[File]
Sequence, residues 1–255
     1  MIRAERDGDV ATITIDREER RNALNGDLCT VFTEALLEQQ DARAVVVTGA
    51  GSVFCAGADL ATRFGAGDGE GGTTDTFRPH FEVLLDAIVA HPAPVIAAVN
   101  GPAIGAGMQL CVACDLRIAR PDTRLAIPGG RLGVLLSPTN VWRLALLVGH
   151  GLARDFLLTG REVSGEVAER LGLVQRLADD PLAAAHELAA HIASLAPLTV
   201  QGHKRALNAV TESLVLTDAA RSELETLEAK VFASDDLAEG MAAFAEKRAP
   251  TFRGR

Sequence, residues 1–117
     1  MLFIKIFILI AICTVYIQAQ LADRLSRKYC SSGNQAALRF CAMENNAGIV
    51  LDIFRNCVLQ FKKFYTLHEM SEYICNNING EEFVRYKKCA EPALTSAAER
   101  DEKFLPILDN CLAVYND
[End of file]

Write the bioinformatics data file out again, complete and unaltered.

Sequence, residues 1–255
     1  MIRAERDGDV ATITIDREER RNALNGDLCT VFTEALLEQQ DARAVVVTGA
    51  GSVFCAGADL ATRFGAGDGE GGTTDTFRPH FEVLLDAIVA HPAPVIAAVN
   101  GPAIGAGMQL CVACDLRIAR PDTRLAIPGG RLGVLLSPTN VWRLALLVGH
   151  GLARDFLLTG REVSGEVAER LGLVQRLADD PLAAAHELAA HIASLAPLTV
   201  QGHKRALNAV TESLVLTDAA RSELETLEAK VFASDDLAEG MAAFAEKRAP
   251  TFRGR

Sequence, residues 1–117
     1  MLFIKIFILI AICTVYIQAQ LADRLSRKYC SSGNQAALRF CAMENNAGIV
    51  LDIFRNCVLQ FKKFYTLHEM SEYICNNING EEFVRYKKCA EPALTSAAER
   101  DEKFLPILDN CLAVYND